SEOUL • South Korean military officials are preparing for another possible missile launch by the North as a five-day joint military drill with the United States kicks off today.
Multiple South Korean media reports citing unidentified military officials at the weekend said missile vehicles "kept appearing and disappearing" from the map and "transporter erector launchers" had been spotted carrying ballistic missiles from near Pyongyang and North Pyongan province.
A joint US-South Korea military drill will be held from today through Friday, Yonhap reported, citing an unidentified military source who said Pyongyang was ready to fire missiles "any time".
"Anything could happen, especially before China's party convention on Oct 18 and during the time between post-drills and (US President Donald) Trump's visits in the region," said Professor Shin Beomchul at the Korea National Diplomatic Academy.
"There is also the possibility for North Korea to test shorter-range ballistic missiles, which in the past did not lead to United Nations sanctions."
Though the North historically tended not to provoke directly during the military drills, its official KCNA news agency on Saturday slammed the joint exercise as a "reckless act of war maniacs".
President Trump will travel to Asia from Nov 3 to 14, during which he will visit South Korea and possibly the demilitarised zone that separates the two Koreas.
As part of this week's drill, the US has deployed the aircraft carrier USS Ronald Reagan to South Korea. The US nuclear-powered submarine Michigan is also likely to take part.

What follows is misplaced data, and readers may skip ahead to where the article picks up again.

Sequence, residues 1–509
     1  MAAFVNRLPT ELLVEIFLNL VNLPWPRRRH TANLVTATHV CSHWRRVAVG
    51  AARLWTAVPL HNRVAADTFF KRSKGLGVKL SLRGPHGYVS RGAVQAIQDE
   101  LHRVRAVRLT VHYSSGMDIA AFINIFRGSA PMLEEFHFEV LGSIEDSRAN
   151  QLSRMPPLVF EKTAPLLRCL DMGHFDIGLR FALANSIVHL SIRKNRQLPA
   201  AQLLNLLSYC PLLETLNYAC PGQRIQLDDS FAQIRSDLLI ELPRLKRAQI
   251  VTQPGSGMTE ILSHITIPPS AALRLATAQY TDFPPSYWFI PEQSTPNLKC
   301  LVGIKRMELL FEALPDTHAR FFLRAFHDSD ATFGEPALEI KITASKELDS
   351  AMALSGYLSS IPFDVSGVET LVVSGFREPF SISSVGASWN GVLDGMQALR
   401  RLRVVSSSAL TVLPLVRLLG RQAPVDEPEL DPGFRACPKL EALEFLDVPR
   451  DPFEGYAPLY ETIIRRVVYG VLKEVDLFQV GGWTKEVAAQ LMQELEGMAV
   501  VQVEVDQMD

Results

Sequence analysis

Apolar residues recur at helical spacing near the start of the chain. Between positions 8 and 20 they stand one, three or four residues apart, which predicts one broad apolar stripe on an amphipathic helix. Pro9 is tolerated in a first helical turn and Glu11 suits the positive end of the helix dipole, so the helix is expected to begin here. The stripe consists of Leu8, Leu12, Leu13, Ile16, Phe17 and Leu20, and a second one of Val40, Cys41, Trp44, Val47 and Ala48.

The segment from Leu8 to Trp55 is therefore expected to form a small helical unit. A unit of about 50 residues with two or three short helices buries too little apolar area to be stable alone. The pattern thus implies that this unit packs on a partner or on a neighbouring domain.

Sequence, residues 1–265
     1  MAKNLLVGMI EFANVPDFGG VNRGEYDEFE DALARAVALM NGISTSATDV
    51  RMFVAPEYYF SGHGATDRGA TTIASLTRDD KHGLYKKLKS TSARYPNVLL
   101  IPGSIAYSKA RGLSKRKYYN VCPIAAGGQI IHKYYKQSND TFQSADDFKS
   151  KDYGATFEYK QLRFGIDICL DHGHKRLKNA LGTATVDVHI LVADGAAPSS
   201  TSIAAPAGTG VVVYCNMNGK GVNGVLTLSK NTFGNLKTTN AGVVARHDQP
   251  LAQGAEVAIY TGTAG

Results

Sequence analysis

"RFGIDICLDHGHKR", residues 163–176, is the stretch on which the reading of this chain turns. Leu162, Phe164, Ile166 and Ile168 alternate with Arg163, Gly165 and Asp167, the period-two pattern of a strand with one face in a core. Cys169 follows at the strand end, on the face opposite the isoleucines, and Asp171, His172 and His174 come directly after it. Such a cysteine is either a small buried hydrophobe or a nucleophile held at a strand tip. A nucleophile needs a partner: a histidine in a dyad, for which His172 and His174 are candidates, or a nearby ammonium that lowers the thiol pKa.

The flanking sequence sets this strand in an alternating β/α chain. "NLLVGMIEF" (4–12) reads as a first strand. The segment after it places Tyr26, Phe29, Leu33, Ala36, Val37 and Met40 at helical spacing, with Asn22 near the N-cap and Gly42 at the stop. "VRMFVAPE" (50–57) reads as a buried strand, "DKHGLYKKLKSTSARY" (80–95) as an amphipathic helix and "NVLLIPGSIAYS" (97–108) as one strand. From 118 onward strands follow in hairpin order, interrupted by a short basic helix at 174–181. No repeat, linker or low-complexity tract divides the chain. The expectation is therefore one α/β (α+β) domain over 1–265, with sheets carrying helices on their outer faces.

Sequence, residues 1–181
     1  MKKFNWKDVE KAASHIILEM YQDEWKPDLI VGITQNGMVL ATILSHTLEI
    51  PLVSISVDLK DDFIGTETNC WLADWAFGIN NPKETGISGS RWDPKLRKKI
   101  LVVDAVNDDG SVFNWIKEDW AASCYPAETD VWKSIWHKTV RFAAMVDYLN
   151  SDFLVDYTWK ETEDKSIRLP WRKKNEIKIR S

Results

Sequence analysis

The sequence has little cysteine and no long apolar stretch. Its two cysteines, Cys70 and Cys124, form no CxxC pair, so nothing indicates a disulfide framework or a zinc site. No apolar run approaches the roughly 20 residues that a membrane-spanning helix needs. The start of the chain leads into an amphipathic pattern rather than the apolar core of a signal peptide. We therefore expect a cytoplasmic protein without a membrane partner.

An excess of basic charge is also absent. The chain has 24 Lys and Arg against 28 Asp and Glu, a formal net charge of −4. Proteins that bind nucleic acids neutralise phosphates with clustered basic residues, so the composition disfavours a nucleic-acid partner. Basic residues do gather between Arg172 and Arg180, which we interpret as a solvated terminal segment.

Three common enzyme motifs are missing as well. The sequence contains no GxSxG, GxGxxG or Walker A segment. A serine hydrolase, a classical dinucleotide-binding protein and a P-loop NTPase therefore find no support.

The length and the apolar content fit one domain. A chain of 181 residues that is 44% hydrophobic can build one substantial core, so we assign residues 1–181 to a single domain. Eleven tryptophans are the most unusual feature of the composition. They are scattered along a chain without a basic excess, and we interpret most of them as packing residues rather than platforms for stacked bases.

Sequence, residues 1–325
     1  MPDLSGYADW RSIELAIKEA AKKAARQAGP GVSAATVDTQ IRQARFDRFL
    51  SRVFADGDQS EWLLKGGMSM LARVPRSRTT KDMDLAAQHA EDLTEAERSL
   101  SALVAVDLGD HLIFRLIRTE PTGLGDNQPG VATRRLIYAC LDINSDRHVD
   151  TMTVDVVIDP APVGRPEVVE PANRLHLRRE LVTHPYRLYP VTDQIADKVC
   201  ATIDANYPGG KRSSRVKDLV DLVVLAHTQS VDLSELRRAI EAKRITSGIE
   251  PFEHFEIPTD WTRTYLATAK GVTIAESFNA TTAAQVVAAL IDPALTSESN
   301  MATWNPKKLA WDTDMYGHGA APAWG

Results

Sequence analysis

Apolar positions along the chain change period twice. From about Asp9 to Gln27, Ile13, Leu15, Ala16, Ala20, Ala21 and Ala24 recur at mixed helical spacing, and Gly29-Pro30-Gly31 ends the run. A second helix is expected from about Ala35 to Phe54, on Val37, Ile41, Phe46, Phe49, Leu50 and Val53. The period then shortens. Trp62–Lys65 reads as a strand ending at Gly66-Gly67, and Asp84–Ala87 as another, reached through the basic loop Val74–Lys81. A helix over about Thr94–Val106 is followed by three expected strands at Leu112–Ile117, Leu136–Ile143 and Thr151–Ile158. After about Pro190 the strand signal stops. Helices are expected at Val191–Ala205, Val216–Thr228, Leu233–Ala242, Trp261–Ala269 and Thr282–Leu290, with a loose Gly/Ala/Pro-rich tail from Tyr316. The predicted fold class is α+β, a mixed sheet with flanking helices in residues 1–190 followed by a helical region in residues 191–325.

US F-35A and F-22 stealth fighter jets, B-1B bombers and RQ-4 surveillance drones will participate in the Seoul International Aerospace and Defence Exhibition being held from tomorrow through Friday, but will not be armed, said a Yonhap report.
North Korea conducted its sixth and most powerful nuclear test on Sept 3, and has launched more than a dozen missiles this year as it seeks the capability to hit the continental US with an atomic weapon.
The United Nations has imposed sanctions on the North for its weapons tests. Mr Trump has said all options, including military ones, are on the table to stop Pyong yang.
Australia's Foreign Minister Julie Bishop, who visited South Korea last week, said the Chinese Communist Party's national party congress, which opens on Wednesday, could be a trigger for new provocative action by North Korea.
She told reporters yesterday that North Korea has sought in the past to embarrass China at times when the country is a focus of global attention. "We hope not, but this seems to have been a pattern of behaviour."